October 17

The Crown and the High Court – Celebrating the 100th birthday of the High Court of Australia


Address at the ACM Parliamentary Luncheon
on the occasion of the 2003 ACM National Conference
NSW Parliament House
Sydney, Australia

Transcript as released by the Office of Research and Education

SIR HARRY GIBBS: During this year we have celebrated two anniversaries, each of which is of constitutional significance. First, was the 50th anniversary of the Coronation on 2nd July 1953 of Her Majesty the Queen. More recent was the 100th anniversary of the first sitting of the High Court of Australia which occurred in Melbourne on 6 October 1903. The Crown and the Court each has a significant place in our Constitution and each has the protection which the Constitution affords. The nature of their functions is, however, very different. Except when the Governor General, as the Queen’s representative, acts in accordance with the advice of his ministers, the constitutional functions of the Crown are not publicly exercised on a regular basis. Behind the scenes the Governor-General has what must be the onerous task of checking the validity of decisions recorded in documents which he is asked to sign. He also has important ceremonial functions, which tend to enhance the unity of the nation, and to indicate to public officials that their primary loyalty is to the people of Australia, and not to a political party that happens to be in power. However, the powers which the Governor-General can exercise on his own account, that is without, or even contrary to, ministerial advice, are the reserve powers. Those powers are essential to ensure the smooth working of the constitution, to protect our system of responsible government, and to ensure that the views of the electorate will ultimately prevail. They include the power, in certain circumstances, to appoint or dismiss the Prime Minister and to dissolve, or refuse to dissolve, the House of Representatives, or both Houses. However the occasion for the exercise of these powers, other than in a routine way, rarely arises. By contrast, the High Court has a very active and public part to play in the exercise of its constitutional functions.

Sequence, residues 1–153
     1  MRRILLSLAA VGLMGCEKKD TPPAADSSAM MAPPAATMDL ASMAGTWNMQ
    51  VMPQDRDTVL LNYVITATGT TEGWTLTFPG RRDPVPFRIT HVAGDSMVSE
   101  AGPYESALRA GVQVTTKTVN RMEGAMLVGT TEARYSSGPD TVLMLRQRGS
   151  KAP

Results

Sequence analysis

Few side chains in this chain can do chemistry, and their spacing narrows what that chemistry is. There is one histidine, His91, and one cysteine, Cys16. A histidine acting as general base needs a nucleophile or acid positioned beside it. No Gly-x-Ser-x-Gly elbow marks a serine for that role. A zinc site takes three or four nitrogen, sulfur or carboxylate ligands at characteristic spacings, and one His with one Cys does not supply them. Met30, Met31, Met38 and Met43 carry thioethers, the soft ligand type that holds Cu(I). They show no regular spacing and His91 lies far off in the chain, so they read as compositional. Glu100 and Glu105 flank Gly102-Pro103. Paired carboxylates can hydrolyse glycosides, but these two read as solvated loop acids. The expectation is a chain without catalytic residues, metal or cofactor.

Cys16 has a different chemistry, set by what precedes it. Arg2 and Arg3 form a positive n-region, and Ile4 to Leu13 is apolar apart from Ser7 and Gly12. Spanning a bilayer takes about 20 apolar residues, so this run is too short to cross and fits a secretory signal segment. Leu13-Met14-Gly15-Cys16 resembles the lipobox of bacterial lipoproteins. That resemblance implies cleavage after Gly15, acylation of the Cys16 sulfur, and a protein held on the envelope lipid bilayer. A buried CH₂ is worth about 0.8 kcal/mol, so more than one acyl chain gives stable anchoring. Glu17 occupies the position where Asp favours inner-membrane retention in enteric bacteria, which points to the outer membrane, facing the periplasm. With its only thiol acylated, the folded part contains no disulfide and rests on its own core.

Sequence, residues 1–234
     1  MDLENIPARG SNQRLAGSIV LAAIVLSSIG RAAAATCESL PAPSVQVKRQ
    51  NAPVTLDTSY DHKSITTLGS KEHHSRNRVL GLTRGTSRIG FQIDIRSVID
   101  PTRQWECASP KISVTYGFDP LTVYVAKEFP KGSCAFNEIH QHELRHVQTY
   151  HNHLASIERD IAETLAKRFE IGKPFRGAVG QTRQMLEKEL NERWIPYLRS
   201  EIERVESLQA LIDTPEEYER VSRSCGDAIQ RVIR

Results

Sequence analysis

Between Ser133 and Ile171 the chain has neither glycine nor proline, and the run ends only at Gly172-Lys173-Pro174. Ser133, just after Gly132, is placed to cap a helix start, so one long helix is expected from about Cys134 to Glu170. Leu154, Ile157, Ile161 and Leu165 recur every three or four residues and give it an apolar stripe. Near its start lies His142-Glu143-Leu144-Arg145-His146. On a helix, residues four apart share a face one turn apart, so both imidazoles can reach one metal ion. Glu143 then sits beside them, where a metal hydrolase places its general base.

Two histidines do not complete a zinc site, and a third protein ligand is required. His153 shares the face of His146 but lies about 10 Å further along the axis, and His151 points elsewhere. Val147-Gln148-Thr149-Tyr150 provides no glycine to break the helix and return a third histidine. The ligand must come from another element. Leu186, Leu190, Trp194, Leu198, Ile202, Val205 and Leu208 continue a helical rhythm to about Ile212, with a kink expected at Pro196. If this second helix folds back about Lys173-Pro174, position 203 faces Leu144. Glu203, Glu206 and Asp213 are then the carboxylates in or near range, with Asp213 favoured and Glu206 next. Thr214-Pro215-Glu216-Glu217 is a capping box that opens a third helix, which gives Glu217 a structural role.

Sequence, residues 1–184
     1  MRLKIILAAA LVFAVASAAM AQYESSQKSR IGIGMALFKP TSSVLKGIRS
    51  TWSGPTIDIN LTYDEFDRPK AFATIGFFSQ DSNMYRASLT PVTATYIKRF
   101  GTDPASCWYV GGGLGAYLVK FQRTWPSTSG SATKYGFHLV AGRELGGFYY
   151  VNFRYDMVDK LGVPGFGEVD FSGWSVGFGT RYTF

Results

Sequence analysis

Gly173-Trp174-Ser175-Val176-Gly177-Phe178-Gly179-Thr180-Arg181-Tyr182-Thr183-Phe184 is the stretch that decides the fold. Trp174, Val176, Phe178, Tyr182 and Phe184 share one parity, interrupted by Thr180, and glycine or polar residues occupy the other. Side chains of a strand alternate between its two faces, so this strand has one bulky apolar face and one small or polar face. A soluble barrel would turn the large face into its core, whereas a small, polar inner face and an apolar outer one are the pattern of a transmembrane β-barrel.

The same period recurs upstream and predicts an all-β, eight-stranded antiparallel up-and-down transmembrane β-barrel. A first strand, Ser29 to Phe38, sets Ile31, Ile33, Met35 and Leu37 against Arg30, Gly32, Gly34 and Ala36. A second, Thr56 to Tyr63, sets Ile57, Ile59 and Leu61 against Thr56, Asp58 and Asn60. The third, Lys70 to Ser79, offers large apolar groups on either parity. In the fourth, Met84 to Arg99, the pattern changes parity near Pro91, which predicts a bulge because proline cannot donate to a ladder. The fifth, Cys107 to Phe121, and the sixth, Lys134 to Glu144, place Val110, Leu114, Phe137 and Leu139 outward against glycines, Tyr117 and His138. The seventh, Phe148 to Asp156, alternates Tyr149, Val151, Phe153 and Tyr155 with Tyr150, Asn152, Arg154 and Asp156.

Anyone who reads the Constitution will notice that the Queen is given a prominent mention in relation to the legislative and executive powers of government, but receives no mention in relation to the judicial power.( 1) .
There is a good reason for this. Justice will not be done unless the judges are completely independent and free from all external influences, including that of the Crown. We have seen in the recent past, in countries like Germany and the USSR, and see today in some other countries, how tyranny flourishes if judges bow to the wishes of the executive. No one suggests that the Queen herself would seek to exert any influence on a judge, but it is not beyond imagination that some executive officials might seek to do so. It is true that the crown has traditionally been regarded as the fount of justice and that in taking the Coronation oath, the Queen swore to cause law and justice in mercy to be executed in her judgments. Since medieval times, the Crown has caused justice to be done by means of the judges. About 400 years ago King James I claimed the right to interfere directly with the legal process, and asserted that it was treason to deny him that right, but was told by a courageous Chief Justice that “the King ought to be under no man but under God and the law.” (2) The strength of the monarchy is due to the fact that it has adapted to changes in social conditions and it has been established for many centuries that the Crown plays no part in the judicial process except to appoint the judges. Indeed, the framers of our Constitution accepted the view that the separation of the judicial power from the legislative and executive powers is “one of the main preservatives of the nation’s liberty”(3). They incorporated this principle into the Constitution. The principle has been strictly applied, so that the Constitution has been held to prevent any institution which is not a court from exercising judicial power, (4) and conversely to prevent a judge from being given functions which are not judicial (5).
The High Court is the final court of appeal from all Australian cases. That has not always been the case. At the time when the Constitution was being drafted, opinion in Australia was divided on the question whether appeals should continue to be brought to the Privy Council, which had been the final court of appeal from the Australian colonies. However, the view that prevailed, and was given effect in the Constitution as finally drafted and approved by the people of the Australian colonies, was that the High Court should be the final court of appeal. The draft Constitution had to be approved by the British Parliament, and the British Government and particularly its influential Secretary for the Colonies, Joseph Chamberlain, was determined to retain appeals to the Privy Council from all British dominions. The disagreement on this point nearly wrecked Federation but in the end, a compromise was reached. Appeals to the Privy Council were retained but in certain constitutional cases – particularly those involving Federal questions – the certificate of the High Court was made necessary before an appeal could be brought (6). However, the Constitution did not prevent subsequent action being taken to abolish those appeals, and legislation in 1975 (7) prevented appeals from being taken to the Privy Council from the High Court. Since 1986 no appeal to the Privy Council can be brought from any Australian Court (8). The High Court now has the last word on all questions of law in Australia.